Dr. Frank Stanton, a central figure in the development of television broadcasting in the United States and the industry's most articulate and persuasive spokesman during his nearly three decades as president of CBS, died Sunday afternoon at his home in Boston, Elizabeth Allison, a longtime friend, said today.
He was 98 and had been in declining health, she said.
Dr. Stanton was the right-hand man of William S. Paley, the legendary tycoon who built the Columbia Broadcasting System empire from a handful of struggling radio stations in 1928.
From 1946 to 1973, the two men operated as probably the greatest team in the history of broadcasting, making CBS, for a time, the most powerful communications company in the world, and the most prestigious. It was under Dr. Stanton and Paley that CBS, mixing entertainment programming with high-quality journalism and dashes of high culture, earned its reputation as "the Tiffany Network."
As both a brilliant corporate builder and a technologically-minded executive, Dr. Stanton -- everybody used the "doctor" -- played a pivotal role in CBS's rise. He did so despite a relationship with Paley that was often strained and an object of puzzlement to those around them.
In her 1990 biography of Paley , "In All His Glory," Sally Bedell Smith wrote:
"Temperamentally, the two men were opposites: Paley, the man of boundless charm, superficially warm but essentially heartless and self-absorbed; Stanton, the self-contained Swiss whose business acumen, decency, and understated humor endeared him to his colleagues.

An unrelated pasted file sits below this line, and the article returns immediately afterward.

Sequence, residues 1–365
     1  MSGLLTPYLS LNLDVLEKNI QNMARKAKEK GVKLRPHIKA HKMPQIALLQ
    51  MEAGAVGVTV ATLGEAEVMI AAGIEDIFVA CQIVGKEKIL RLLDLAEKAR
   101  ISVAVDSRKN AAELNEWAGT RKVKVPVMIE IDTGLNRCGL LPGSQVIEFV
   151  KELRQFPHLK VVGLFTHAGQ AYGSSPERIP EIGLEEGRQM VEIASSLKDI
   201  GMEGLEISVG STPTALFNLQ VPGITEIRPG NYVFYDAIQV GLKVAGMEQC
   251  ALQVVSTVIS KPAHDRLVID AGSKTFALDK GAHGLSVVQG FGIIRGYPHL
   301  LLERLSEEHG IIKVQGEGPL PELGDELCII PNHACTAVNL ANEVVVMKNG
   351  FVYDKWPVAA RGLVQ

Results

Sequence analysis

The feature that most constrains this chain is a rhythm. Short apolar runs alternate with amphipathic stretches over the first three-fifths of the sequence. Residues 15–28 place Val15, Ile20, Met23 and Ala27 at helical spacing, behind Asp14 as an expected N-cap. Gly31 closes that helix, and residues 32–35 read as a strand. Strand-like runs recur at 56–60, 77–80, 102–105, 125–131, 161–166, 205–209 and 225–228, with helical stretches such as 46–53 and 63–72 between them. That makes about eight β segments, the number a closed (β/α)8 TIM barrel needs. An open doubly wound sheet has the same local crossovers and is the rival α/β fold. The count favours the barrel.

"Paley had a restless, readily satisfied curiosity while Stanton probed more deeply and was interested in a broader range of subjects," Ms. Smith continued. "Paley acted from the gut; Stanton from the brain. Paley could be disorganized and unpredictable. Stanton was disciplined and systematic. Yet their relationship worked -- largely due to Stanton's forebearance and diligence."
Dr. Stanton did not feel secure in the glamorous social whirl that Mr. Paley dominated. The two men did not socialize. Ms. Smith wrote that Mr. Paley had resented Dr. Stanton's refusal to invite him to his home, calling his associate "a closed-off, cold man."